A private conversation meant to have taken place between two friends became a source of entertainment for the world. It was a mistake when it was heard by the 111 students on the call, but, without their consent, a private phone call was leaked to the whole internet and was widely being shared, laughed at and mocked. Almost all major news outlets were running pieces on the new trend. It was all done in innocent fun but when one pauses to consider the ramifications, it has a scary dimension to it. At all times we are watched, not just by the government or private agencies, but with everyone around us. We do not know when our picture, our private talks, our work, our private jokes meant just for a few people would be out into the world becoming a subject of mockery.
We do not know what is the aftermath of every single person who somehow became a meme But, the fact is that it remains an invasion of privacy if this was done without consent and we are all at a risk for this. Memes spread like wildfire at the same time, they can be presented in certain ways, harmless as in this case but having wider implications. Another point I wish to consider in the next section is the danger that their easy popularity presents in terms of being outright offensive at times promoting an unwanted culture.
Source of Sexism and Racism
Memes have become a source of toxicity many times, not just about the specific people whose images are being used but for whole groups at times. Consider this popular meme given below. The body language of the characters in this template as well as the caption present a stereotypical picture of a nagging woman wanting to pick up a fight with her partner, a common stereotype in many movies, books etc. Such memes pick up these stereotypes for laughs but at the same time, they reinforce and give validation to these stereotypes. DISCLAIMER: Trigger Warning
These two memes are taken from an article titled “30 Sexist Memes that will Trigger Feminists Everywhere”. Unlike the previous memes discussed, these are not innocent memes but they are designed to offend and unapologetically so. Given the fast pace with which consumption of memes takes place, they impact many minds in a matter of minute getting ingrained in the subconsciousness. They are designed to form a certain kind of opinion. Further, they can be seriously damaging to women as they perpetuate an agenda against notions of sexual consent and attempt to make a mockery out of women’s agency. These are presented in favour of the rapists in a world where the power balance is unfavourable towards women and they are always under threat. It takes away from the seriousness of such crimes, presenting them as being not crimes at all.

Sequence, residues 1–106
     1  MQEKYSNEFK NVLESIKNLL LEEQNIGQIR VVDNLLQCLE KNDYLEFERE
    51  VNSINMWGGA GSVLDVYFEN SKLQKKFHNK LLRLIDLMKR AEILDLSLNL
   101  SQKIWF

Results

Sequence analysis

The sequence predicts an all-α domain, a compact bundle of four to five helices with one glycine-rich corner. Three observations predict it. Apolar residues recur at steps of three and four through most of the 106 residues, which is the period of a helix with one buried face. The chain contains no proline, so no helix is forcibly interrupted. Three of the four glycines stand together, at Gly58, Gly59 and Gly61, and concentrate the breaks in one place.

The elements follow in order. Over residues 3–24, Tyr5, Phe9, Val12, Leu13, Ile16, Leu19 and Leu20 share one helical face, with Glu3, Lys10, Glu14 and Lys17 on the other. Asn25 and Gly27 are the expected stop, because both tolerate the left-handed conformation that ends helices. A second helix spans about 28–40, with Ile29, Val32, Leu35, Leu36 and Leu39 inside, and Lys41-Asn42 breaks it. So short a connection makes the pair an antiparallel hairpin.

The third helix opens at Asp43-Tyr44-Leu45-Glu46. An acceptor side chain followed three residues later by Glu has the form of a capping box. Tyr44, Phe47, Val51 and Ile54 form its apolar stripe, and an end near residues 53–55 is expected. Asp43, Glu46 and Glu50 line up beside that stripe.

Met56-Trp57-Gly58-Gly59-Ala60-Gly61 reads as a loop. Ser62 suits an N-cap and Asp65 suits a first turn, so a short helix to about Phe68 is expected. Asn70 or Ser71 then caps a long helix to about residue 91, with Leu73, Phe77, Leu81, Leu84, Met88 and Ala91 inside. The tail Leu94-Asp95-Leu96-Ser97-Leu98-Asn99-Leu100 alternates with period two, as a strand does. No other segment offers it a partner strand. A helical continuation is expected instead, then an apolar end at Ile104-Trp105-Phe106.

Others include blood-chilling racist memes. Such as the ones given below making a mockery of those who suffered events that were the biggest blots on human history, memes that should make our blood boil.
These are put forth as “dark humour”. I believe it is inhuman to make jokes out of events like the Holocaust or slavery. These are fast becoming sources of spreading more hate and racist attacks. Perpetuating more and more inequality. These are likely to have such an agenda of spreading hate towards vulnerable groups. These have the potential to provide validation to hate groups like the neo-Nazis and increase the dangers that certain groups face as part of their daily lives.
Memes influence because of their rapid pace of spread as mentioned before. These are impacting a large audience. Certain kinds of memes pose danger to the privacy and the intimate lives of people, others perpetuate stereotypes, and yet others, the most dangerous ones are those perpetuating outright hate, and are designed to do so. This is not even an exhaustive list and is stating only three instances, there is a whole other list of problematic content out there.
Memes however have also been used by other important positive movements to spread awareness. Feminist pages and the anti-fascist movements of today have taken the help of memes to spread their messages too. Further, there are guidelines on every major social media platform to deal with such content. Yet, it is easily available across the internet. A simple Google search can provide one access to such content and is next to impossible to censor.
What this article, therefore, is attempting to do here is to bring awareness and set a conversation going about such sensitive issues. While we do and should enjoy humour, have a relaxing look at all our social media platforms after a tiring day at work or share them, we need to be aware and socially conscious about the content we are consuming and the dangerous content that is out there that we may not know about.